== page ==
The forest where the trio was to contract to cut timber were located near Tcharno-Brod and Sepetkin in the Province of Suwalki. Business did not go well with them and he lost considerable money in this venture.
He could not see himself starting all over again in Mariampole with limited opportunities and he decided to leave for the United States having received encouraging letters from his brother Leib (Louis) of Center Rutland. He left Mariampole for the United States in February 1901, and arrived in New York after twenty one days of a rough voyage. With his brother Leib (Louis) and his nephew Berel (Barney Rosen) living in West Rutland, Vermont, he chose to go there to join them.
He immediately became a dry goods peddler carrying a heavy laden pack on his back which at times weighed more than he did and on foot he would cross the Green Mountains out of West Rutland for Proctor and Fowler, Vermont, to sell among the Polish people who were employed in the marble quarries there. Giving up carrying a pack he found employment in the general merchandise and grocery store of his nephew Barney.
In 1903 he was joined by his oldest daughter Gittel (Gussie) and his only son, Morris. His wife Haya Reizel and the other three daughters Dora, Tillie and Lena joined them all in West Rutland about two years later. In 1905 Abraham Roterosen joined a brother-in-law of Barney Rosen whose name was Harry Lurie and the two conducted a grocery store which was later purchased by Abraham Roterosen who continued the business for many years in several locations in Granville.
As old age approached he retired from Business and he and his wife took it easier in their declining years enjoying their family and the many friends he made. they died as they lived respected by the Granville community and their children lost a loving father and mother.
The Mevzos Branch
Of the earliest records obtainable of the Mevzos family we go back to the youngest daughter of David Yankelishok presumably of the town of Yankelishok who came to Mariampole early in the Nineteenth century to marry a daughter of Enoch Mevzos of Mariampole. Her name was Hasha and she was the youngest child of David Yankelishok aslo known as David Alviter or David's Dinah's. there is no record of the origin of the Mevzos family but judging by the names of Epstein and Roterosen which indicate descendancy from the German or Ashkenazi group of Jews, Mevzos definitely indicates that it is of Lithuanian origin. Whether there was a man named Moses after whom the family was named is not known but the name Mevzos which is definitely of the Lithuanian language may be derived from the word Moses or Mauzas and finally Mevzos. The head of families were then recognized and identified as David Dinah's, Herschel Tilke's, Shmuel Enoch (David Dinah's) Mevzos.
There can be no doubt that Hasha Yanelishok whose father was known also by the name of David Dinah's was a relative of Enoch whom she married since he too is identified as David Dinah's. It was a common practice among Jews to marry cousins. And this record would indicate that they were either first or second cousins.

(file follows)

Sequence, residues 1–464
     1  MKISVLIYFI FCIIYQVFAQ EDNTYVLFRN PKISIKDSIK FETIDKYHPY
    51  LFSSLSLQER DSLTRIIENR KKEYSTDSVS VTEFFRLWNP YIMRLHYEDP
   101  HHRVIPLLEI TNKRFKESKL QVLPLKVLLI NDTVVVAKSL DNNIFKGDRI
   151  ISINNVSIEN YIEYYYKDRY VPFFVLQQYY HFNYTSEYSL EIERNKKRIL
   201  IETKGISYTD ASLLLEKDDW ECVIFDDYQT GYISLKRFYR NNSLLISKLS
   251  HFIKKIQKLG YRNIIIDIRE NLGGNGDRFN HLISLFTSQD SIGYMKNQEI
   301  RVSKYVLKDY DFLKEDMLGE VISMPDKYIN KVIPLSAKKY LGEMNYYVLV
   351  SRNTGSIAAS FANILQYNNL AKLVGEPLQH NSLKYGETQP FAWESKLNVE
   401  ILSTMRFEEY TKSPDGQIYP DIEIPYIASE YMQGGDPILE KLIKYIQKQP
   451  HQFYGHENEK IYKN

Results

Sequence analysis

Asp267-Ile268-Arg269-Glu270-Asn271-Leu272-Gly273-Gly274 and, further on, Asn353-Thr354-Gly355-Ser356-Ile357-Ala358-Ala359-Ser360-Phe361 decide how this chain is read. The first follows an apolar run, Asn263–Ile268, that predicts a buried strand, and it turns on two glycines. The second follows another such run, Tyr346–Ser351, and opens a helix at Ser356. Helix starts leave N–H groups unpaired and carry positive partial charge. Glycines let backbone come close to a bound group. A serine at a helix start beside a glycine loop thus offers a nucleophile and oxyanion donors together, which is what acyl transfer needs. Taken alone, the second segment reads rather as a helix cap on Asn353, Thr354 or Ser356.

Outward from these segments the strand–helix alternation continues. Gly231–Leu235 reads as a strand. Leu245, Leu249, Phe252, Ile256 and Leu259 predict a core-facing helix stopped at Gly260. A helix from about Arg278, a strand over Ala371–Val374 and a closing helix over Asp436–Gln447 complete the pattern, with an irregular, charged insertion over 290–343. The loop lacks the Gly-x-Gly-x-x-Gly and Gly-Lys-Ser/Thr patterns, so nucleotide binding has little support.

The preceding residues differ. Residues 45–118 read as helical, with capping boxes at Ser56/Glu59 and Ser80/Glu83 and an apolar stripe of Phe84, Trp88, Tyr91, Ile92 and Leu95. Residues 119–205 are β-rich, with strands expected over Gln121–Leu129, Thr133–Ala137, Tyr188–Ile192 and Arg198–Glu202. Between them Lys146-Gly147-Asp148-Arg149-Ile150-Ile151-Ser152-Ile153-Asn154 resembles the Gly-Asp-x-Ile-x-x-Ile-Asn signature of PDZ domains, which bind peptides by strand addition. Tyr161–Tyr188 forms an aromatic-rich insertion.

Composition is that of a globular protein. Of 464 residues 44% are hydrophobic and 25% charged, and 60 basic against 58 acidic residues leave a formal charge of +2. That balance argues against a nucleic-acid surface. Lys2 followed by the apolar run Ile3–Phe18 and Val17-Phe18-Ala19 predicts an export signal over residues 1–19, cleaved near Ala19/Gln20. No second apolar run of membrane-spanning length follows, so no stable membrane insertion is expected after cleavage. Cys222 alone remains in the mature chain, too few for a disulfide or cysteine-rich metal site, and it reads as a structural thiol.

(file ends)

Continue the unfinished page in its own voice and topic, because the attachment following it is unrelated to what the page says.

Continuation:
Since Hasha Yankelishok was born about 1797 or 1798, her husband Enoch Mevzos was already settled in Mariampole. It is presumed that the father of Enoch Mevzos was among the first in the Mariampole community when Rabbi Hayyim Shershaver came there in 1780 to form a Jewish community and to erect the first synagogue in Mariampole.
It is definitely known that Enoch Mevzos, husband of Hasha, was an elder in Mariampole and the Mevzos family was well known among the leaders in the community as traders and exporters.
|The Kabzen - Painting M. Rosentalis|
Sarah Hartman Kushner
When the matriarch Sarah passed away, the Torah makes reference to (Hebrew). The rabbis understood this to mean that (Hebrew) lived two lives: a devoted wife and mother AND an influential person in the formation of the Jewish way of life. Similarly, Sarah Kushner managed to be (Hebrew) in the finest sense of the phrase, and a leader in Jewish education and synagogue life.
Sarah Hartman Kushner was born in Mariampole, Lithuania, during the festival of (Hebrew) in the year 5664 (1904). As a young girl, she emigrated to America but returned with her mother and brother to visit Lithuania in 1914 and was stranded there during World War I. She returned to America after the war and resided with her family in Brooklyn, New York. After a distinguished academic career at Barnard College, New York University and the Teachers Institute of the Jewish Theological Seminary, Sarah Hartman became a teacher of Hebrew.
In 1929, Sarah Hartman married Julius Kushner - also a native of Mariampole who had recently arrived in Brooklyn after servings as a (Hebrew). Their first son Harold was born in 1935; their younger son Saul was born in 1937.
Sarah Kushner was active in the Jewish community throughout her life. she was president of the Parent-Teacher Association of the Brooklyn Jewish Center and went on to become president of the United Parent-Teacher Association of all Jewish schools in Greater New York. As president of the Sisterhood of the Brooklyn Jewish Center, Sarah Kushner gained a nationwide reputation and was in great demand as a speaker and consultant.
Yehuda and Sarah Kushner have devoted their lives to Jewish education and to Zionism. They have visited Israel several times since 1955. Both their sons are rabbis in America. Harold serves a congregation in Massachusetts and is a prominent author and lecturer. Paul serves a congregation in New York and is the national director of the World Union for Progressive Judaism.